By Ken Weingartner — No one needs to worry about Shartin N resting on her laurels, although she might get to relax a little more this year than her previous two seasons.
In 2018, Shartin N made at least one start in every month from January through November on her way to the first million-dollar season for a pacing mare and a Dan Patch Award for best older female pacer.
Last year, she made at least one start in every month from March through November. She won 15 of 19, finished second on three occasions, earned $982,177, set the record (1:46.4) for the fastest mile ever by a female pacer, and was named top pacing mare, Pacer of the Year, and Horse of the Year.
She became the first pacing mare in history to be named Horse of the Year, as well as the first horse bred outside North America to receive the honor.
The 7-year-old New Zealand import is already working toward her return to the races, which is expected to come next week at Dover Downs. Then it’s off to Yonkers Raceway’s Blue Chip Matchmaker Series, a six-week event that Shartin N has won each of the past two years.
Following the Matchmaker, which begins March 13 and ends April 18, trainer Jim King Jr. will look to give Shartin N some time off.
“We’ve decided to try to give her a split year instead of trying to go all the way through the year,” King said. “If that works out, when we get done with the Matchmaker hopefully we can give her a pretty good break and then get her back ready to take off from there. It won’t be a real long break, but there are some races that we’re going to try to miss.
“If she can be good early and be good late, she can still accomplish a lot. That’s a lot to ask of a horse that you just got done racing for 10 months, twice. But so far, she hasn’t minded me doing foolish things.”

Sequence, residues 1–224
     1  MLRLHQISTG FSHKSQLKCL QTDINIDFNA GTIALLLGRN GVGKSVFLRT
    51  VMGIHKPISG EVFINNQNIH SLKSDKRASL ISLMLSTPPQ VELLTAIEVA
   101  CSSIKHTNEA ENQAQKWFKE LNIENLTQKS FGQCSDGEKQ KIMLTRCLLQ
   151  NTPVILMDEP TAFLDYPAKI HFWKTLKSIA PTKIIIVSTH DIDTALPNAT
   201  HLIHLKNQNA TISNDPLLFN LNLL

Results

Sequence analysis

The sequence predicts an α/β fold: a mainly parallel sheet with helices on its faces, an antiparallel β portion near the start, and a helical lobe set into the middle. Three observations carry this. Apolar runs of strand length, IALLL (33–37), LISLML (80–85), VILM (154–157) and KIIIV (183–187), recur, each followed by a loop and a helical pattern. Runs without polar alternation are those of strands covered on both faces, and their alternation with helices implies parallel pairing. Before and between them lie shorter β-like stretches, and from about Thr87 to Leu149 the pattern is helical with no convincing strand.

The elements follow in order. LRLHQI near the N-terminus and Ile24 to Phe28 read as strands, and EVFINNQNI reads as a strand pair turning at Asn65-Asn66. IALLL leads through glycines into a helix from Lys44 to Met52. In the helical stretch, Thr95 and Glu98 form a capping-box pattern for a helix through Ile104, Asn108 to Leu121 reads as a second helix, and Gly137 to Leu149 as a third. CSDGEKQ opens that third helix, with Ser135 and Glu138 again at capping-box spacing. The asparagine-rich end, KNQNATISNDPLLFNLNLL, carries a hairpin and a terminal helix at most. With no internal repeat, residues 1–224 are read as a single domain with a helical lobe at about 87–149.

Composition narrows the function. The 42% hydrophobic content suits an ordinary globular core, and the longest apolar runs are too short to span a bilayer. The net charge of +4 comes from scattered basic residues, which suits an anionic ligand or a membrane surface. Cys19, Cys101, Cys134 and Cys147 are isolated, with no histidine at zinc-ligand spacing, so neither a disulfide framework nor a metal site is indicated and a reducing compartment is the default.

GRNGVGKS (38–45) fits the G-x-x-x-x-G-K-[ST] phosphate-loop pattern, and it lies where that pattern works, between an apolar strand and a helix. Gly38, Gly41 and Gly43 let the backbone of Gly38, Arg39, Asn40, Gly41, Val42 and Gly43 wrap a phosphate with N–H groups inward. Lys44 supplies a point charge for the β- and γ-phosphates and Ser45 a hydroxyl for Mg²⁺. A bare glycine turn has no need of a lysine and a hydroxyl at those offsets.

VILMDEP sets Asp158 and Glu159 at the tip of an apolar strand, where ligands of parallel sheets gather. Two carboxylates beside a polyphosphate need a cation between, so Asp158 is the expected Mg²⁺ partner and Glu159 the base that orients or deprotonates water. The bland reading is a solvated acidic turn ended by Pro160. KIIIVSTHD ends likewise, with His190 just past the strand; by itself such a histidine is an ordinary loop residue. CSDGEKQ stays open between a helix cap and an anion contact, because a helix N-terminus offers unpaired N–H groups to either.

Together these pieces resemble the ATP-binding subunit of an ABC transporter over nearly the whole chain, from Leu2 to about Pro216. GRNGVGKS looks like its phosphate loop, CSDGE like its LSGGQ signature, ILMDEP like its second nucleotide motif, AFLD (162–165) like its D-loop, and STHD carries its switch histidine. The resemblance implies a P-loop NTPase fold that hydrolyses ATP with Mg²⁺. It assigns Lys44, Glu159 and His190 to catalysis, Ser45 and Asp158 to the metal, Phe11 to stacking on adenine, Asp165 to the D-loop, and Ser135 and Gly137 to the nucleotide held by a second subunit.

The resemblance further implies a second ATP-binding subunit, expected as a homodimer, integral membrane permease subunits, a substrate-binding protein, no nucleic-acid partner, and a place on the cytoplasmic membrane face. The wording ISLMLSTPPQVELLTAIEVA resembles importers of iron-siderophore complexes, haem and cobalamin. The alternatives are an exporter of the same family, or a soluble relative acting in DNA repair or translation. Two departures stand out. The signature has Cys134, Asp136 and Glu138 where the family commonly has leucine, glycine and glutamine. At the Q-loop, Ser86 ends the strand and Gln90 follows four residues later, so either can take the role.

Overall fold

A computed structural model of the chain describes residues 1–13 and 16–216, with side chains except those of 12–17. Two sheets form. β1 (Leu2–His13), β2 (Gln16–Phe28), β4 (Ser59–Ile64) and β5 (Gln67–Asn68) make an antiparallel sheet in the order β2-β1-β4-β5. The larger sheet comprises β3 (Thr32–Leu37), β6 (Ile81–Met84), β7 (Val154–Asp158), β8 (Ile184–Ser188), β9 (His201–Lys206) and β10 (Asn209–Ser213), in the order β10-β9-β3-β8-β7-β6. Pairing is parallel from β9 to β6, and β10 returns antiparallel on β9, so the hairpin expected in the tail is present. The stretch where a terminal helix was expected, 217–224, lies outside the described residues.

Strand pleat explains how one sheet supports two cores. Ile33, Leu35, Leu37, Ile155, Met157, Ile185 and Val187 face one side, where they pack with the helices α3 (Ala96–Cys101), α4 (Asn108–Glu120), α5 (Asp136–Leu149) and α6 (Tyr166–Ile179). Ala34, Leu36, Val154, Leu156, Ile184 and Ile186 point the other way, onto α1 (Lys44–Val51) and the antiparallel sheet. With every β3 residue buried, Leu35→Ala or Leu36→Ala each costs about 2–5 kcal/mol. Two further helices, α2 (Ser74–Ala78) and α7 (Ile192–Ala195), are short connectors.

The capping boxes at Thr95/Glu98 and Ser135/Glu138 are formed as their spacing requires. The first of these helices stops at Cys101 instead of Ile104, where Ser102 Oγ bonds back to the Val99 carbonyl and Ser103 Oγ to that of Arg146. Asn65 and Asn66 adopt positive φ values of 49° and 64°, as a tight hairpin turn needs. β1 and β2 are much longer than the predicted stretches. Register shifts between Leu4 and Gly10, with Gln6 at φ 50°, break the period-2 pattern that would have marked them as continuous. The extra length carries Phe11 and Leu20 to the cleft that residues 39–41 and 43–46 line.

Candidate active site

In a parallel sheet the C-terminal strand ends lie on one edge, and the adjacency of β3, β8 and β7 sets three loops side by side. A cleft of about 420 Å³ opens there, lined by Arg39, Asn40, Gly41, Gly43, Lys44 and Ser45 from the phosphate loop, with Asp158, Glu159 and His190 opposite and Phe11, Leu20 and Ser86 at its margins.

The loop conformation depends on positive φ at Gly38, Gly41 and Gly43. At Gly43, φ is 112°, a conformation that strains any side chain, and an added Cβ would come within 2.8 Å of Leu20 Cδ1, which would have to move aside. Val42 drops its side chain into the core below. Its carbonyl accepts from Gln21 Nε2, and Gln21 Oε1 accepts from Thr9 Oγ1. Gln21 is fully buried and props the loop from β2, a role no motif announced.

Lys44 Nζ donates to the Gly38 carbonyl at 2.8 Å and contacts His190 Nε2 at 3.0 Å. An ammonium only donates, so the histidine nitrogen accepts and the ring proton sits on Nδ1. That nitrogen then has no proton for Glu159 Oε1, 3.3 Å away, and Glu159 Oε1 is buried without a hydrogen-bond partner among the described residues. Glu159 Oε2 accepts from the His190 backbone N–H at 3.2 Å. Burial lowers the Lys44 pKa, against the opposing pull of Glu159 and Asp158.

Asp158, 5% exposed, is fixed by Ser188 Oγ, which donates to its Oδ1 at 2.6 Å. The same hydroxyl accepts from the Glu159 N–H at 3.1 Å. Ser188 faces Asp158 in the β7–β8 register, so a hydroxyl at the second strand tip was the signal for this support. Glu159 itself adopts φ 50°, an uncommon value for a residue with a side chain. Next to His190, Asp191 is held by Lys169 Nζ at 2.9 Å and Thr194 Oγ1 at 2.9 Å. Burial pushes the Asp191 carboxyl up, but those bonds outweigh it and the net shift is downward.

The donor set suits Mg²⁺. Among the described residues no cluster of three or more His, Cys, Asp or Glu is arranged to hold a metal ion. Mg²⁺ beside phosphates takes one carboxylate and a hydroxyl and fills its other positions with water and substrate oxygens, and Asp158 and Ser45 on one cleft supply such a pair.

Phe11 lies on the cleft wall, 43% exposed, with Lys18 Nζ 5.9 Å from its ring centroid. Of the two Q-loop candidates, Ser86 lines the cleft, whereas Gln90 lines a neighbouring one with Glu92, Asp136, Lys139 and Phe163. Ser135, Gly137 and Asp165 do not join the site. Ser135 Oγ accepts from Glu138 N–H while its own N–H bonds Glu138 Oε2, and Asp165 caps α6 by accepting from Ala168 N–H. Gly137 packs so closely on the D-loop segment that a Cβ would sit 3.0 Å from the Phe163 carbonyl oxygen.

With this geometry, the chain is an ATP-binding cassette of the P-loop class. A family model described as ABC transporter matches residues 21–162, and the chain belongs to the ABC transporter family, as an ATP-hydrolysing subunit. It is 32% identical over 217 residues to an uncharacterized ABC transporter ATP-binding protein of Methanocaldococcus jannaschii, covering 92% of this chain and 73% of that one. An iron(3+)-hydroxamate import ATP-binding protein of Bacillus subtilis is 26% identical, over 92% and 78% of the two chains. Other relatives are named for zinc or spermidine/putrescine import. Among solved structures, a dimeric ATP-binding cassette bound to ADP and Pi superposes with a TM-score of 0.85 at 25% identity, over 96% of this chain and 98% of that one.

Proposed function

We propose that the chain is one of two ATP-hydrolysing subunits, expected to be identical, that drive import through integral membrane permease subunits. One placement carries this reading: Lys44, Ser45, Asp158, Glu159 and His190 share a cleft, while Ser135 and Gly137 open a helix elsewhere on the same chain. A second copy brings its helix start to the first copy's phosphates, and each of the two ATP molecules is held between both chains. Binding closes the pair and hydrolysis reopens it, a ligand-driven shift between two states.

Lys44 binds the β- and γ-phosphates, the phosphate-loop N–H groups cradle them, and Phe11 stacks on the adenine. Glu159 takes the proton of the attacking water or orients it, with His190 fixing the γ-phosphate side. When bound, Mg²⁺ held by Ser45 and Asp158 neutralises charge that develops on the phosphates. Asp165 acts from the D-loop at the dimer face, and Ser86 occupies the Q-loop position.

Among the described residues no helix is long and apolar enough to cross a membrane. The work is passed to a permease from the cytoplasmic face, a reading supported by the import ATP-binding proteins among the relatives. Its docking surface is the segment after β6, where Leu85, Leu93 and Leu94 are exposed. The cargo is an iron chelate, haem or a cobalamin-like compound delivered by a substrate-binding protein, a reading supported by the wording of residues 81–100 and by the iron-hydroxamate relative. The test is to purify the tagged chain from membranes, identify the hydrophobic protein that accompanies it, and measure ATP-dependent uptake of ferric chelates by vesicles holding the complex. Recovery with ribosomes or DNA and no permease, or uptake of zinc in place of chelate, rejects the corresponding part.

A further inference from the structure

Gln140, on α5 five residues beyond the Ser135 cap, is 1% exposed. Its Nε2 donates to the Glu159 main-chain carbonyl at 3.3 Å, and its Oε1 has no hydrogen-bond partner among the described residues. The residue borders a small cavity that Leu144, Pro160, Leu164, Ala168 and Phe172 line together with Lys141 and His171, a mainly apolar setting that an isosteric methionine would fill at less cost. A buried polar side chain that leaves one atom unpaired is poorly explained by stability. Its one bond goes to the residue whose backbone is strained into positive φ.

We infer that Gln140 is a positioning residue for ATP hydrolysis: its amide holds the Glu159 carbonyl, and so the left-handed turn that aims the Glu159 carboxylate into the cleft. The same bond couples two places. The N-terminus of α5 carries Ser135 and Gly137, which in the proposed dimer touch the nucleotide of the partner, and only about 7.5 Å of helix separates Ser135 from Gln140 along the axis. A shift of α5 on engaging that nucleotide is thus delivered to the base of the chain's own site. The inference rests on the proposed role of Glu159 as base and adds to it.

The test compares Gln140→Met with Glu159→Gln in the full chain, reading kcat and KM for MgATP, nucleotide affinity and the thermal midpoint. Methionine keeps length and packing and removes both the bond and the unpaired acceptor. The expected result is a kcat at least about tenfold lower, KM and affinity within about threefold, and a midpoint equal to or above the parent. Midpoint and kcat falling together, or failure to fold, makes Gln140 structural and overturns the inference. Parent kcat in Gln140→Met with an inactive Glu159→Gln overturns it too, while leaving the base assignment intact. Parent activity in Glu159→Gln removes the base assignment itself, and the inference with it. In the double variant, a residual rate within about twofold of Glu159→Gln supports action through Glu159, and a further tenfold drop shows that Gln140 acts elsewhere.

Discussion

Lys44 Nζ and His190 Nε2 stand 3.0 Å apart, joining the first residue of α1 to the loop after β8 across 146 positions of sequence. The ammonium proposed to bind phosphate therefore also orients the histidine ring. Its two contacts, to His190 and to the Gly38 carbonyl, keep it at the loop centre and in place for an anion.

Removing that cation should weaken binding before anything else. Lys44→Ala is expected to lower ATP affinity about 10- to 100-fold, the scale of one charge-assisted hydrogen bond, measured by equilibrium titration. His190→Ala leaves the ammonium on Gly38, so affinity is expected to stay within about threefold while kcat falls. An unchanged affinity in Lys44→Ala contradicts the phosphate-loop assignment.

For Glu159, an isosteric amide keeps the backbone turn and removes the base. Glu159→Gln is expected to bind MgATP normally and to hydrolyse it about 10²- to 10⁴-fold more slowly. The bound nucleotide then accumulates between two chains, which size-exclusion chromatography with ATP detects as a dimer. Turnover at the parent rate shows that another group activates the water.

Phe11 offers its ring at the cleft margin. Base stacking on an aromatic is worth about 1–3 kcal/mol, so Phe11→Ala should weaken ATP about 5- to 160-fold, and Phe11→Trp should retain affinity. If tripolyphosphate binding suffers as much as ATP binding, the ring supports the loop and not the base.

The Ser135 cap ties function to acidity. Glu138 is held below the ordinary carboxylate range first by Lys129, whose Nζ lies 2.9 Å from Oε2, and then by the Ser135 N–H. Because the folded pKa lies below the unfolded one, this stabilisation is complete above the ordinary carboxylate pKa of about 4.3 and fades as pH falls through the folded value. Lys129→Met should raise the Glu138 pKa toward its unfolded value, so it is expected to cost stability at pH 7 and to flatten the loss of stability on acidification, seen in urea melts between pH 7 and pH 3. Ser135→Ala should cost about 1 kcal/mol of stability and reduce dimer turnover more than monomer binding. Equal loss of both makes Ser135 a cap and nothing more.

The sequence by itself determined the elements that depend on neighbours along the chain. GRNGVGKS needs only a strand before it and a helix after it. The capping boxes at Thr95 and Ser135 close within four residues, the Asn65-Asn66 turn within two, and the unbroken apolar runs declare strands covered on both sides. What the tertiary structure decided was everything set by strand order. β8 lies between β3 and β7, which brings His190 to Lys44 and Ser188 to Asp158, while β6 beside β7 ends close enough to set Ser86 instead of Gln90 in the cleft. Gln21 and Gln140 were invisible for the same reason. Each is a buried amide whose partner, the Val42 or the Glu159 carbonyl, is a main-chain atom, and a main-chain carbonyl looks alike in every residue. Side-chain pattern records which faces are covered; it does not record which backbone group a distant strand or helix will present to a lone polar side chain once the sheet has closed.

Shartin N, bred in New Zealand by Grant Crabbe, was purchased in the fall of 2017 by Richard Poillucci. She is now owned by Poillucci, Jo Ann Looney-King, and Tim Tetrick LLC.
Since arriving in North America, Shartin N has won 34 of 43 races and $2.03 million.
“It’s just absolutely amazing for us to be in a position to buy a Down Under mare and become Horse of the Year,” Poillucci said.
“I was just hoping for a nice open mare. This has far exceeded all expectations. What she’s done at that level of racing is unbelievable. To keep them on their toes in those kinds of miles is a very difficult task.
“I think that’s what most impresses me, her ability to carry speed the way she does and standout in races where they’re going (fast fractions) and she’s still charging. Horses don’t do that stuff on a regular basis.”
Tetrick has driven Shartin N in all her North American starts.
“She was pretty tough (to handle) when she started,” Tetrick said during this past Sunday’s Dan Patch Awards banquet, when the Horse of the Year announcement was made.
“But she had big lungs and you couldn’t get her tired. When she was on her game she was as good as any horse I’ve ever sat behind. She has a ton of speed and grit. She had a mind of her own, but she worked with us and we got it done.”
Shartin N qualified on Feb. 19 at Dover Downs, winning in 1:51.3. Poillucci called the qualifier “absolutely perfect.”
“Here it comes again,” King said, referring to a new season. “Every indication is that she’s come back very good.”
Shartin N will attempt to become the first horse to repeat as Horse of the Year since trotting mare Moni Maker in 1998-99 and the first pacer to repeat since Cam Fella in 1982-83.
She finished second to McWicked in balloting for 2018 Horse of the Year and, according to noted harness racing historian Bob “Hollywood” Heyden, is the first since Matt’s Scooter in 1989 to be runner-up one year and come back the next season to receive Horse of the Year.
“I just want to say thank you to all the voters, and most of all thank you to Shartin,” King said Sunday at the banquet, adding later, “She’s definitely been life changing for us.”
Ken Weingartner, for the US Trotting Association, is an HRI Harness Racing contributor